CASA Washington reported that each of the Children's foster families have made the Children feel wanted, loved, and a part of a family that cares for them. CASA Washington recommended the termination of the parent-child relationships and indicated it was in the best interests of the Children ․ to be adopted so they may continue to heal in a safe, stable, loving environment. CASA Washington additionally highlighted parents’ repeated incarcerations, the parents’ complete refusal to cooperate or participate in reunification efforts, and the complete lack of contact between the parents and Children as reasons for her recommendation.
Appendix at 84. Based on the totality of the evidence, the trial court stated agreement with the CASA and explained, “Children should not have to wait endlessly to have a secure, stable, and safe environment in which to live. The harm these Children have already suffered cannot be erased, but further harm can be minimized.” Id.
 Over the fourteen-month life of the case, Mother showed an unwillingness to alter her life in any way for Children's sake and made no effort to engage in available services to address her mental health/substance abuse issues, to obtain stability, or to even see Children. Rather, she “continued to choose a life of drugs, criminality, and instability over parenthood.” Id. at 82. Under the circumstances, the trial court did not err in determining that termination of parental rights was in Children's best interests. See Matter of Ma.H., 134 N.E.3d 41, 49 (Ind. 2019) (holding that trial courts must look to the totality of the evidence in making the best-interest determination and subordinate the parents’ interests to those of the children, with the children's need for permanency being a central consideration); In re A.G., 45 N.E.3d 471, 479 (Ind. Ct. App. 2015) (“[T]he recommendation by both the case manager and child advocate to terminate parental rights, in addition to evidence that the conditions resulting in removal will not be remedied, is sufficient to show by clear and convincing evidence that termination is in the child's best interests.”), trans. denied.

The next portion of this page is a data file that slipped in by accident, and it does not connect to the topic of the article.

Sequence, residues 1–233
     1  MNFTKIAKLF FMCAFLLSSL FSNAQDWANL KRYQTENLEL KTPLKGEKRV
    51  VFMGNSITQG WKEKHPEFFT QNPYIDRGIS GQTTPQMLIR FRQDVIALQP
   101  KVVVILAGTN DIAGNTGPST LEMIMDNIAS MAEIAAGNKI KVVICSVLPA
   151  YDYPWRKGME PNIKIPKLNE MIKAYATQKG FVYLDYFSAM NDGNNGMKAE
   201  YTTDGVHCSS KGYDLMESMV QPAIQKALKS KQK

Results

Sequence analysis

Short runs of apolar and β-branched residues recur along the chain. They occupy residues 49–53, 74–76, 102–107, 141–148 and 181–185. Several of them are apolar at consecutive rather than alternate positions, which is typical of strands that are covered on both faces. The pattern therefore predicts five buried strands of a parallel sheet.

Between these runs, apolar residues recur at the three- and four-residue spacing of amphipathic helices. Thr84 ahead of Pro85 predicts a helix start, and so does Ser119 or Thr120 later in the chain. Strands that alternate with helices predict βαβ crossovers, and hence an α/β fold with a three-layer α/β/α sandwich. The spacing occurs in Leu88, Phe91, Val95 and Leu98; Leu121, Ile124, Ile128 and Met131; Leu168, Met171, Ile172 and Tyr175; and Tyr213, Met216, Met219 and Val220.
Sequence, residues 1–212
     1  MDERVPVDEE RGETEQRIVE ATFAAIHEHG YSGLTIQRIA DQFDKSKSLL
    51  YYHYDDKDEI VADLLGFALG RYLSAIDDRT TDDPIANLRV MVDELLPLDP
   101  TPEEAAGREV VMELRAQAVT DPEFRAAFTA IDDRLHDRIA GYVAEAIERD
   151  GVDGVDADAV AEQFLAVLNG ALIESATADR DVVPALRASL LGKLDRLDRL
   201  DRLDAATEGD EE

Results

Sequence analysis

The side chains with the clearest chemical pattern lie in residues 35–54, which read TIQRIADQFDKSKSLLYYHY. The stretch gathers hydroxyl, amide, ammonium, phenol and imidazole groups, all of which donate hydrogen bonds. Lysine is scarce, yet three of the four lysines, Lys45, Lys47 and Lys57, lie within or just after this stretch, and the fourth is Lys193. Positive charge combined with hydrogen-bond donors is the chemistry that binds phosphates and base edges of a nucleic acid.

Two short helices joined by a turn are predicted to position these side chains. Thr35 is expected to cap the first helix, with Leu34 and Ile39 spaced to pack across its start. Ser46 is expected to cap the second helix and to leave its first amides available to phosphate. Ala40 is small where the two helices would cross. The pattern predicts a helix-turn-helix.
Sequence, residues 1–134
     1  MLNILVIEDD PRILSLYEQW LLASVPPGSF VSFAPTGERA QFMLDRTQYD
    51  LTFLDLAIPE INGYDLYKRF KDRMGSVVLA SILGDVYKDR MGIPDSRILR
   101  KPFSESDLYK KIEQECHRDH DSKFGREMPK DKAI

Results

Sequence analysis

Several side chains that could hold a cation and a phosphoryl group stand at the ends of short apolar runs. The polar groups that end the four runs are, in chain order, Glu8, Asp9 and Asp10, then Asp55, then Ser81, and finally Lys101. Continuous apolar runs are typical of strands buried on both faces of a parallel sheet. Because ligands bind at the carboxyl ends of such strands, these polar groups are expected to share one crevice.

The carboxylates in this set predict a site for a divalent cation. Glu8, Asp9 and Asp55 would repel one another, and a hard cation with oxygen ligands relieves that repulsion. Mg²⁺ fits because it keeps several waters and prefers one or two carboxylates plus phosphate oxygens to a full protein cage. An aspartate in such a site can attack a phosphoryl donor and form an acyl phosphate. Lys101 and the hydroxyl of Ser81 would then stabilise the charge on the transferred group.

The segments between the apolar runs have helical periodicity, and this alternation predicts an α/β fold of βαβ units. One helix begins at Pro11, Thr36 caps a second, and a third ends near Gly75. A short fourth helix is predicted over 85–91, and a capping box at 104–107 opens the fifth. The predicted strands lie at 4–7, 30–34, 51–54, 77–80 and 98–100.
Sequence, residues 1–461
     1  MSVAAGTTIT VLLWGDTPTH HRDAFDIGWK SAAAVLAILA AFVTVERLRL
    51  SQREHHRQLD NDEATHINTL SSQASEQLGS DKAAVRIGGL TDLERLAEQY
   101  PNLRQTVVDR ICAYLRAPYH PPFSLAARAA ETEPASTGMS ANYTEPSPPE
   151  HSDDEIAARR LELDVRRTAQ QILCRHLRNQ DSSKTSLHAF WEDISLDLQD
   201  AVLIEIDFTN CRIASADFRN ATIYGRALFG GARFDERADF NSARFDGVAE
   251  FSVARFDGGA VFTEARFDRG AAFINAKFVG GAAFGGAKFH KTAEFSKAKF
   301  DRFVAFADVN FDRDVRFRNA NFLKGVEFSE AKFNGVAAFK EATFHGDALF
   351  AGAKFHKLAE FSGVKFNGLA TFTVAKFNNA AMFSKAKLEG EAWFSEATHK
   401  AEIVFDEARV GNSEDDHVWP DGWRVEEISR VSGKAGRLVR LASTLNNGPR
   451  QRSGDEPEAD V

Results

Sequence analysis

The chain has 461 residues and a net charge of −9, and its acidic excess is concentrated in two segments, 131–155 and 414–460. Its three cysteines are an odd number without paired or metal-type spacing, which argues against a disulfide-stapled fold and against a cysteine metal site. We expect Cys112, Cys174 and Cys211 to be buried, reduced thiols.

Judgment affirmed.
1. Born June 18, 2014.
2. Born September 7, 2016.
3. The parental rights of the Children's respective fathers were also terminated. Neither father participates in this appeal.
4. This was not DCS's first involvement with the family, as K.H. had been born drug exposed resulting in a substantiated report in 2016. There was also an unsubstantiated report of neglect in June 2019.
5. As Mother notes, “incarceration is an insufficient basis for terminating parental rights.” K.E. v. Ind. Dep't of Child Servs., 39 N.E.3d 641, 643 (Ind. 2015). But her parental rights were not terminated based on her stints in jail; they were terminated because she continued to commit crimes and made no meaningful progress toward reunification. Cf. id. at 643-44 (termination reversed where, despite being incarcerated, father made “extensive efforts to better himself by learning parenting skills, addressing his problems with substance abuse, and establishing a bond with both of his children”).
6. Grandmother lived in government subsidized housing and had the care and custody of five other children in her home.
Memorandum Decision by Chief Judge Altice
Judges Riley and Pyle concur. Riley, J. and Pyle, J., concur.
Response sent, thank you
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Docket No: Court of Appeals Case No. 22A-JT-2890
Decided: May 24, 2023
Court: Court of Appeals of Indiana.